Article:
Even before the union was finalized, critics had already started predicting the negative outcomes of it. Some of the negative effects that were anticipated by the critics included higher travelling prices, less choice, and reduced competition among others. The arguments about the negative outcomes were based on previous mergers and acquisitions in the airline industry, which lessened competition and led to higher profit margins. The arguments by the critics were not that wrong, since the new venture formed after the merger, has led to the increased competition with other airlines, such as Delta Airlines and United Continental Holdings (Lawton, 2013).

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Other critics argued that there exists a balance between customer effectiveness and business efficiency, which is helpful in increasing operational efficiency and decreasing the corresponding costs in the long run. This is achieved by comparing an earlier alliance between KLM and Air France, which was successful and led to financial benefits after one year. Critics argue that the new mergers in the US have many more benefits, as compared to the old ones, which were only approved because of the overcapacity. Since the old mergers were not for the mutual benefit, they have been usually resulting into price wars resulted and inability to deal with higher costs, leading to further negative effects (Lawton, 2013).

The Organizational Structure that Resulted from the Merger

of the US Airways and AMR Corp Group

After the merger, the new company acted under the leadership of Doug Parker. Unlike before the merger, the shareholders of the US Airways were able to receive 28% of the shares of the new company. However, shareholders of the other company were able to receive the rest only after a two-year restructuring and agreement on the merger. The new executives would have the advantage of receiving retention bonuses, which could only be given in the year 2015. The new airline created after the merger has about 600 jetliners and a group of energized employees, who could run its operations towards what the merger was intended to. Based on these facts, it is not wrong to state that the merger was a strategic decision of the US Airways, which had a long-term strategy of increasing its market share and its corporate strength, as well as of acquiring a broad customer base (Lawton, 2013).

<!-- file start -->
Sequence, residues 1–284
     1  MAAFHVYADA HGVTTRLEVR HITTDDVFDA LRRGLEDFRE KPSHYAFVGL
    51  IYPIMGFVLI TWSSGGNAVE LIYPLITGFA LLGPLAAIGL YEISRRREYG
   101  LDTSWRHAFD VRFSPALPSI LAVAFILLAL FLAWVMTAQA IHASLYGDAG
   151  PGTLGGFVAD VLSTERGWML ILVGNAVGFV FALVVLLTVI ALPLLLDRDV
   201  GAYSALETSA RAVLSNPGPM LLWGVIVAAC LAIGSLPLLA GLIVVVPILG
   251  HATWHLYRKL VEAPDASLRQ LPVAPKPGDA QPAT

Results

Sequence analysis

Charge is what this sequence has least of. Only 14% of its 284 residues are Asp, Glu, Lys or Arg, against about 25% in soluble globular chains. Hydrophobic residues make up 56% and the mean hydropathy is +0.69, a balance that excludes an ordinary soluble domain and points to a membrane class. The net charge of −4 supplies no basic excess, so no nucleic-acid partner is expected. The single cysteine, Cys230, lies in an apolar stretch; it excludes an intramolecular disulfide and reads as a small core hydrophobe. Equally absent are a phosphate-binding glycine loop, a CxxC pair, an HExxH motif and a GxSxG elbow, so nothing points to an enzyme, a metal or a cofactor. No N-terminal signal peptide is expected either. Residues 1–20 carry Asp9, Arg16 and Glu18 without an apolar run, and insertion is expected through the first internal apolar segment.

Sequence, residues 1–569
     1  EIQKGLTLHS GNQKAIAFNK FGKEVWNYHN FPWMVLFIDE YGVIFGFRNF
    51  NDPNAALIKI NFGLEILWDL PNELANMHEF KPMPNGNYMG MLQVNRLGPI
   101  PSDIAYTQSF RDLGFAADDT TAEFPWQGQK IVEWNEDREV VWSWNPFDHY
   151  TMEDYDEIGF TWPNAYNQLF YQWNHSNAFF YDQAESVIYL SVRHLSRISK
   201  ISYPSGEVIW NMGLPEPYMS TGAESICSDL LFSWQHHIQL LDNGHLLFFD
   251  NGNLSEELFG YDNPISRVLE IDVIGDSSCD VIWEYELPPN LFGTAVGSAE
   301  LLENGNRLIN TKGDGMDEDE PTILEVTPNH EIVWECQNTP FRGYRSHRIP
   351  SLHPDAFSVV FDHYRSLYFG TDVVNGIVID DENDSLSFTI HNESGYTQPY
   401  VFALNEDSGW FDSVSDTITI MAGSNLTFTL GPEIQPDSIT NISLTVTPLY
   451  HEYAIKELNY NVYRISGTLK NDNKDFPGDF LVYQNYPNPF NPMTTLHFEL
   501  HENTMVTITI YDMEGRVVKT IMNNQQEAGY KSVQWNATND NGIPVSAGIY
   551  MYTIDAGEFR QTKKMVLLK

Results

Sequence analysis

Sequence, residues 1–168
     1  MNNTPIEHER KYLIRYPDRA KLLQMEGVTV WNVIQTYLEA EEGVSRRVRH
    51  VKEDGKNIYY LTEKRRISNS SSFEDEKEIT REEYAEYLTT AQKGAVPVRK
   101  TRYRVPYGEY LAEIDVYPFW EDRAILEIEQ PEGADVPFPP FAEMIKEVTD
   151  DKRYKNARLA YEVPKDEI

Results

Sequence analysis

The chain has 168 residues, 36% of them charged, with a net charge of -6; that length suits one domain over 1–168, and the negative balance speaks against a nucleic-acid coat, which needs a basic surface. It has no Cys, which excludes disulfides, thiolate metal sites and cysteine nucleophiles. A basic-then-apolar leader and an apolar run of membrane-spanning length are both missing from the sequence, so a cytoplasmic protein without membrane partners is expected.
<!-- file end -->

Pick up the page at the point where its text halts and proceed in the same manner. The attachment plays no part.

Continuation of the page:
Human Resource Management after the Merger

of the US Airways with AMR Corp Group

Before the merger, the two airlines were under different management. For example, the US Airways was under the leadership of Doug Parker, while American Airlines was under the leadership of Tom Horton. After the merger, a new company known as The New American appeared to be under Doug Parker, as the new CEO. Apart from Parker, the company constituted of the new executives, who would receive new bonuses after everything had been put in order. One of the reasons why Parker and not Tom Hortom bcame the new CEO is because the US Airways was in a better situation than AMR, which had just recovered from bankruptcy. Although most of the evidences would define this case as an acquisition, which is usually performed through the various ways, such as buying shares and equity, the partnership between the two companies was a merger (Lawton, 2013).

In conclusion, with the increased level of globalization, the quantity of mergers and acquisitions has also increased. The airline industry has not been left behind with notable mergers and acquisitions being seen over the years. One of the most recent mergers in the US is the merger of the US Airways and AMR to form The New American Airline. Just like any other merger, the new entity brought about various changes in the management and operations of a new business unit. Because of this, the merger had both positive and negative influences on the two organizations and their stakeholders.